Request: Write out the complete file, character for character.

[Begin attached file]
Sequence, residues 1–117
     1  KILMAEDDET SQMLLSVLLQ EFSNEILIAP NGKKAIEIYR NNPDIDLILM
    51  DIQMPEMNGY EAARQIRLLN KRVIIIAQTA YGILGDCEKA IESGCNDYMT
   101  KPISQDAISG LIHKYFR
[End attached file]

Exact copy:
Sequence, residues 1–117
     1  KILMAEDDET SQMLLSVLLQ EFSNEILIAP NGKKAIEIYR NNPDIDLILM
    51  DIQMPEMNGY EAARQIRLLN KRVIIIAQTA YGILGDCEKA IESGCNDYMT
   101  KPISQDAISG LIHKYFR